The D.C. Council is trying to figure out how to make people shovel their sidewalks after it snows. While this might seem ridiculous in D.C., it does snow here, and about half of city residents walk partially (mass transit) or entirely to work. So it matters. Apparently, however, there are challenges (boldface mine):
Over the last five years, various attempts have been made to change the law that requires residents and businesses to shovel their walks after a snowstorm. None have succeeded, despite the increasingly snowy winters that the city has dealt with in recent years. A new attempt this year looks more likely to succeed, but it still faces opposition.
The current law, which dates back to 1922, requires snow and ice to be cleared within eight daylight hours of the storm’s end. If that doesn’t happen, the city can clear the snow for the resident or business, then file a lawsuit to recover the costs of doing so.
But according to city officials, those lawsuits are rarely — if ever — filed. “This cumbersome and bureaucratic approach has led to zero enforcement,” says Council member Mary Cheh (D-Ward 3), who since 2009 has been trying to change the law to make it easier for the city to levy fines on non-shovelers….
Under her bill, which she introduced again this year, homeowners who fail to shovel away snow or ice within the eight-hour window would face a $25 fine for a first offense, $50 for a second and $100 for a third.
Fines would be steeper for businesses: $125 for a first offense, $250 for a second and $500 for a third. The Department of Public Works, Department of Transportation and Metropolitan Police Department would be empowered to issue tickets to violators…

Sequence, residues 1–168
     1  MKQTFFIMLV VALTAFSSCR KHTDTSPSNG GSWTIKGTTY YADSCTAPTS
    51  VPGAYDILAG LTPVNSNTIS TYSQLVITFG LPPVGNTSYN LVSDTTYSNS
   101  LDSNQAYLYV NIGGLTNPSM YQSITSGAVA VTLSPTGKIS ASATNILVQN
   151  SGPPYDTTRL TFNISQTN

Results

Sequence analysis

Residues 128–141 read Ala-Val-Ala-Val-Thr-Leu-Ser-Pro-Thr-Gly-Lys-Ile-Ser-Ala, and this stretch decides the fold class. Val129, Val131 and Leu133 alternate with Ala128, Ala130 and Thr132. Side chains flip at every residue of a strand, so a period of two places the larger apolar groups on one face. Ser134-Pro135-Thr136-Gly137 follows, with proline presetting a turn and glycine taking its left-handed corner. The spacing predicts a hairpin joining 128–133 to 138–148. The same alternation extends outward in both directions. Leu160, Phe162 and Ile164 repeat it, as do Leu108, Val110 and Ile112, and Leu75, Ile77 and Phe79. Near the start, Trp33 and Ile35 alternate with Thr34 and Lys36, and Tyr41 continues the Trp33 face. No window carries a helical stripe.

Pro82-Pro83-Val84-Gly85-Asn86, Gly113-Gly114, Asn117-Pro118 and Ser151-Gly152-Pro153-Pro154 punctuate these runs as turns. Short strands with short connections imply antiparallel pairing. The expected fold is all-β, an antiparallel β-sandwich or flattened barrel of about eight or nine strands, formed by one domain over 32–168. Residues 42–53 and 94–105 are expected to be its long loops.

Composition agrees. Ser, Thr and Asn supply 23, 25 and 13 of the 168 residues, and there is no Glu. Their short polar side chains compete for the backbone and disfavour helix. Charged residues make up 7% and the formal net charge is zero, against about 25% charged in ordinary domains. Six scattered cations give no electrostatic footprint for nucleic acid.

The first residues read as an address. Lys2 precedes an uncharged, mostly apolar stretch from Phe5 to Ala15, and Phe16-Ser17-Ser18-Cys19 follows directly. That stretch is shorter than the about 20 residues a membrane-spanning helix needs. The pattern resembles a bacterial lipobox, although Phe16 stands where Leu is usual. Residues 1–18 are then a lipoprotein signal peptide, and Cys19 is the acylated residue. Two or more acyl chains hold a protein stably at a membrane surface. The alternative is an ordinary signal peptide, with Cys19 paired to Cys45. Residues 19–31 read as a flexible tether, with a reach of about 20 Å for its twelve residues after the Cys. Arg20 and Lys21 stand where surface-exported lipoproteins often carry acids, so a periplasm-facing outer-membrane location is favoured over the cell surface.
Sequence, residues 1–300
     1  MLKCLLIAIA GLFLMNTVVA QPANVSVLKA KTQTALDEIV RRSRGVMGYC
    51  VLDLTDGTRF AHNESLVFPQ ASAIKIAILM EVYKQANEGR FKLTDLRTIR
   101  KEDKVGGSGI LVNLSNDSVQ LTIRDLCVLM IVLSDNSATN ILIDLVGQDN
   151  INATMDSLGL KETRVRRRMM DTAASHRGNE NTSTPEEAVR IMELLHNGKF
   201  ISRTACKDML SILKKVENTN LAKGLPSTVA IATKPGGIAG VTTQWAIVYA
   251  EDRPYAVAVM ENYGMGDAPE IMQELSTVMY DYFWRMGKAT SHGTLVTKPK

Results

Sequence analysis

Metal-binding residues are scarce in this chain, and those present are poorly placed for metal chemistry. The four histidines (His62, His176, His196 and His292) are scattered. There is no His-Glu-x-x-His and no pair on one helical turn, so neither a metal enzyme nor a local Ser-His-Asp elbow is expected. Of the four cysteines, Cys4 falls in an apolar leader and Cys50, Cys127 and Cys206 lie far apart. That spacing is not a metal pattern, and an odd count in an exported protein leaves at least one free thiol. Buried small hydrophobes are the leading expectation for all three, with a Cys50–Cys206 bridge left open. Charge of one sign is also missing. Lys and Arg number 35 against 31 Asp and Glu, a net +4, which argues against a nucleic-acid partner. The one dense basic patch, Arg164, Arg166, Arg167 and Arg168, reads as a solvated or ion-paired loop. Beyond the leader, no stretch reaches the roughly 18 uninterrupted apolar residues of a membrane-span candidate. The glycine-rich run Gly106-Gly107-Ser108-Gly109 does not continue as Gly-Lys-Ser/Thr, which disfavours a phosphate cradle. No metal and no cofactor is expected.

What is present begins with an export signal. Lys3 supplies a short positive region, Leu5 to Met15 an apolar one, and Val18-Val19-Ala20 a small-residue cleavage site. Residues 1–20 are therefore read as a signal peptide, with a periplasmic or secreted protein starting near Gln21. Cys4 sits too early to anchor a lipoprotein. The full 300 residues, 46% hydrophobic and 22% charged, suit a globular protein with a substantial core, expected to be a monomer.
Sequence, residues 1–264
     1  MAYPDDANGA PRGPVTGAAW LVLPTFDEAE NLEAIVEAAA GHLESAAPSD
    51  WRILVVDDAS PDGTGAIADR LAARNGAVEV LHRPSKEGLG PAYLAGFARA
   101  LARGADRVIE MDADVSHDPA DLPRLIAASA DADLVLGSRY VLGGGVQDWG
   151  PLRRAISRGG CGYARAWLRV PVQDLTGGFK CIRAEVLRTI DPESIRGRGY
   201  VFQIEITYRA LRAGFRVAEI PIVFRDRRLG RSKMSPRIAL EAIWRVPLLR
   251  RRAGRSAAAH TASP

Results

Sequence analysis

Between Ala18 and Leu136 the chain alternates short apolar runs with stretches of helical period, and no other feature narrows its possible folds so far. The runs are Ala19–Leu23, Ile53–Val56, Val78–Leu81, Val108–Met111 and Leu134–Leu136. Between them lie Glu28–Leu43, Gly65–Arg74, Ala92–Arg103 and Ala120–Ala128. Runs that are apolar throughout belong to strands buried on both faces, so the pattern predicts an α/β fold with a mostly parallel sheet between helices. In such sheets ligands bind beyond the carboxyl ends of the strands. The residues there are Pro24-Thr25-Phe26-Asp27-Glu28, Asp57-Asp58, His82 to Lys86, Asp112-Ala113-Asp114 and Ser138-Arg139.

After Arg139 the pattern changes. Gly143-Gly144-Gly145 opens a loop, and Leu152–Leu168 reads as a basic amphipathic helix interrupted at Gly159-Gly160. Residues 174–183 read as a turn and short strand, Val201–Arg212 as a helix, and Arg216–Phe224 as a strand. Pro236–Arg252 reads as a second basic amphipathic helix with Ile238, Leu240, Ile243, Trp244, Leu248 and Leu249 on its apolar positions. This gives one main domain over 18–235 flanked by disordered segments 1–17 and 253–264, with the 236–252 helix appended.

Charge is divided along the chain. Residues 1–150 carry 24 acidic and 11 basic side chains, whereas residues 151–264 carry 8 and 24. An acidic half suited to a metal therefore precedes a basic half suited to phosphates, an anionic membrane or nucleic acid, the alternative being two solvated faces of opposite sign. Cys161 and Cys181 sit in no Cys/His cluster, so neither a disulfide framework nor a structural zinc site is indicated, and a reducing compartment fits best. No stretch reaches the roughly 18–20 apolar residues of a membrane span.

But for Council member Jim Graham (D-Ward 1), who has long opposed changes to the law, the issue is how to identify who owns a particular home, especially when many homes in the city are owned by LLCs and occupied by renters.
“I don’t think this law is going to work. We don’t know who the property owners are. Unless there is a very clear indication that tenants are not responsible and will not be subject to fines, there’s going to be a lot of confusion and anger,” Graham says.
The Ward 1 Council member also worries how residents will respond when they receive their first ticket for not shoveling their walks. “The angriest response I have ever received to a fine in the District of Columbia has been when someone has been given a fine for jaywalking. This will take this to new heights,” he says.
OK, first of all, if the city doesn’t know who the property owners are, then how the hell are they collecting property taxes on the residence or business? Second, once you identify the owner, there’s a simple way to get an out-of-state/absentee landlord respond: make the fine a lien on the property. Boston did that, and sidewalks that had never been shoveled for years suddenly were cleared.
It’s amazing what the ability to impair a landlord’s ability to get a loan will do.
Again, according to the Census, half of all D.C. workers’ commutes involve walking. Clearing your sidewalk is part of owning a home. You shouldn’t be allowed to externalize that cost to someone’s bruised ass (or worse) after he or she slips.
Update: By a vote of 7-6, the D.C. Council has voted in favor of snow shoveling legislation.